Over the last few decades, laminate flooring as seen enormous growth and today it’s one of the most popular and commonly used floorings all over the world. It has stood out with its durability and wide range of designs. Many people are replacing their existing floors with laminate due to the long list of benefits it offers. If you’re one of them and replacing your floor tiles with laminate flooring, the most important question you’d ask would be if it’s possible to install laminate floor over the tiles. Luckily, it is possible. Removing tiles require a lot of work. Chipping away the tiles and grout is a labour intensive and time consuming task. So if laminate floor is placed over the tiles, the labour as well as the time spent in installation will be reduced significantly.
Many laminate flooring manufacturers explicitly tell that their product can be installed over tile flooring. As tile is a durable product, there is only a slight risk of deterioration. However, some installation precautions still have to be taken. The first thing you should check is that the tiles are in good shape and levelled, which means they’re free of cracks and depressions. It’s because if there are and major cracks and depressions, the issue may be in the subfloor. And if your floor has any of these issues, then make sure to get professional inspection of the flooring to determine the underlying cause.
Other important things to take care of while installing laminate floor over tiles are:
· Filling the grout joints
Make sure that the grout joints are properly filled before laminate flooring is placed over tiles. They should be levelled with the top of the ceramic tiles to create a smooth surface for laminate floor to be placed on. You can simply grout by using light pressure on the joints to keep them levelled or you can fill the joints by using a grout bad. Also, after filling the grout joints, make sure that there is not dirt or moisture on the tiles and they have dried completely.
· Padding below the laminate floor
Laminate floors come in floating snap-lock and glue-down varieties. Both the types are installed similarly, but some glue-down laminate flooring types are not suitable to be installed over tiles. So make sure you read the flooring specs before purchasing. Generally, laminate floor requires polyethylene foam padding as a base over which it is placed. This padding comes in large rolls that are installed directly over the tiles. For convenience, some floors come with already attached foam at the back of the planks.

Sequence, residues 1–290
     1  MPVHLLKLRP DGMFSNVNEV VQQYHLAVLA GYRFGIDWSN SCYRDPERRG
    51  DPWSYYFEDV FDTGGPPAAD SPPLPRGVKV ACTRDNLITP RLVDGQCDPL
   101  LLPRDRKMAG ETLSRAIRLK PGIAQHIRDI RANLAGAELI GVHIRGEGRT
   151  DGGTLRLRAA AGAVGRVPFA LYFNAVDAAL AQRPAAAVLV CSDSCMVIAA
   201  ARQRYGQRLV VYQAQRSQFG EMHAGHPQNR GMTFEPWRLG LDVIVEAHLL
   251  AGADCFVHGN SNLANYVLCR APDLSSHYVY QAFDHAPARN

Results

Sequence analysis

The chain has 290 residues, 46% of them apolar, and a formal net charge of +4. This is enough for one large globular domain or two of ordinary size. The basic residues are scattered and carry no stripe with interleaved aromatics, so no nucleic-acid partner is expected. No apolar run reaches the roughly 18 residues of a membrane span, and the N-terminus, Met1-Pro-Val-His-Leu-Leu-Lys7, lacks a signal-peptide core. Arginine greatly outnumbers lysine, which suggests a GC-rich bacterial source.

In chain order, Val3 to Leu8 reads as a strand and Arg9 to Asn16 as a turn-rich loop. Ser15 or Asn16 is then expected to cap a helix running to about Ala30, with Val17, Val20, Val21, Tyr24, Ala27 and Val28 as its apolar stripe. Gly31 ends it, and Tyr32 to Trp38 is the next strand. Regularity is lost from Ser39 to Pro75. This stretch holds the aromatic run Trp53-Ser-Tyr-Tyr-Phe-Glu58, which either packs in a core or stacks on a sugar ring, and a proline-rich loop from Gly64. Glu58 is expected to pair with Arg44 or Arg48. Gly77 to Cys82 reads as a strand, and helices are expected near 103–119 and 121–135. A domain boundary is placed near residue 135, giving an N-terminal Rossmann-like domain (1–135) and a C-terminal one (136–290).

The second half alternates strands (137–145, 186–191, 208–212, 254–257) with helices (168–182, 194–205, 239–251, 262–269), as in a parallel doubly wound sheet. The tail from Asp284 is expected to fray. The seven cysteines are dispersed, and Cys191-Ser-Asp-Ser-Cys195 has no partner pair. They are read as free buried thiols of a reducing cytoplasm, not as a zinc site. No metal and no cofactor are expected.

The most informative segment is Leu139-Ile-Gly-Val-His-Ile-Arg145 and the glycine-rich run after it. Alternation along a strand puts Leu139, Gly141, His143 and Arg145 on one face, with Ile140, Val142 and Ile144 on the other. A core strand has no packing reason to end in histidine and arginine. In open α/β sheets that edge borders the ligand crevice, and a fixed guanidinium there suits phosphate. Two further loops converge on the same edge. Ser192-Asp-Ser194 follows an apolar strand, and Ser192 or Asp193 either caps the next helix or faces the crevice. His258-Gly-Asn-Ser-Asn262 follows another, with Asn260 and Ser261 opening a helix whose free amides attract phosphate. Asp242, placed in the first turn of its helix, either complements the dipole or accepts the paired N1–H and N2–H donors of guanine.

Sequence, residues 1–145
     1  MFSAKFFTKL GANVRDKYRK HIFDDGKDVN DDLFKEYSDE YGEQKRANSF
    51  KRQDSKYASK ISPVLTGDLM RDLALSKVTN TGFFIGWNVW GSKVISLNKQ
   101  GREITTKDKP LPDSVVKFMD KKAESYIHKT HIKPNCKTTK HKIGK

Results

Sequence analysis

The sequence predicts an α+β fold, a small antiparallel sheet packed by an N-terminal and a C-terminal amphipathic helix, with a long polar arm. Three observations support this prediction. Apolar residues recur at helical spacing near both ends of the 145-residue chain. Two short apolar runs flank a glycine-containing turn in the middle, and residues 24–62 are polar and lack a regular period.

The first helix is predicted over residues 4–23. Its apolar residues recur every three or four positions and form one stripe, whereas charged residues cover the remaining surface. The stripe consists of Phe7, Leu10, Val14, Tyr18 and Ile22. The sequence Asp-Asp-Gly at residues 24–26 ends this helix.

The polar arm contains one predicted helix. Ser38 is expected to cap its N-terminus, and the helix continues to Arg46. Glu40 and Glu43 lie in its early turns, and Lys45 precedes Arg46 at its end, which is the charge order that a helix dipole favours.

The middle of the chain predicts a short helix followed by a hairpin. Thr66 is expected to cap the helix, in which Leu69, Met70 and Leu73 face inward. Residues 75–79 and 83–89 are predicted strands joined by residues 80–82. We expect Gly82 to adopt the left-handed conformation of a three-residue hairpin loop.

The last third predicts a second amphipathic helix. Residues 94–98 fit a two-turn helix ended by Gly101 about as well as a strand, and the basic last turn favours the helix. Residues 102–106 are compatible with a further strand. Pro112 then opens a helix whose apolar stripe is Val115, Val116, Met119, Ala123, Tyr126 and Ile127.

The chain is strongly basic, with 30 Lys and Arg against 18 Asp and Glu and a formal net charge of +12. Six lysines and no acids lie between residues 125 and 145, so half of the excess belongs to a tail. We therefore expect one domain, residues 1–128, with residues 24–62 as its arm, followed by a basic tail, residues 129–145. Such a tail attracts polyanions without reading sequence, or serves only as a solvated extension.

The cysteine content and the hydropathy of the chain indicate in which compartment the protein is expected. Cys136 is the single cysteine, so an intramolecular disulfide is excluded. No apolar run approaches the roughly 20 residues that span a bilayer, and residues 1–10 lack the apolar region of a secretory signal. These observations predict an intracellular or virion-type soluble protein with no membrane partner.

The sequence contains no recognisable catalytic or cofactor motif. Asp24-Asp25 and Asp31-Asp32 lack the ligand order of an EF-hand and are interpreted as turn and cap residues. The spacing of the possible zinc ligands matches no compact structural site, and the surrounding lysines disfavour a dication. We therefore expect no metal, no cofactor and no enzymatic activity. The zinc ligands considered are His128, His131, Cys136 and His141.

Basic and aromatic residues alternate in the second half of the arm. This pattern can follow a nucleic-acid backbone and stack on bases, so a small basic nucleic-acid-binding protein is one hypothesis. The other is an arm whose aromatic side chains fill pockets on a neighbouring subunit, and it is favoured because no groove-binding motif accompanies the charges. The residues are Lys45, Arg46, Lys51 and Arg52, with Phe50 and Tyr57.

· Follow the installation basics
Make sure you follow the step-by-step installation process for best results. Start from the longest wall of the room. All the planks have tongue-and-groove ends and sides. To fit the ends of the planks together you just have to tap them. And to snap together the sides, all you have to do is insert the tongued edge of one into the grooved edge of another (at a 45° angle) and then push the plank so it fits into place. Also, make sure that the ends of planks are staggered so the end seams don’t line up and create weak spots in the laminate floor. The simplest and best way to stagger the end seams is to start a new laminate row using the excess piece that is cut from the end of former row. Another thing to keep in mind when you’re installing laminate flooring in a room which isn’t a rectangle or square is that you have to carefully cut around the door frames and cabinets. Measure and then cut the planks properly as you lay them. Read and follow the safety guidelines given by the manufacturer when using any power tool.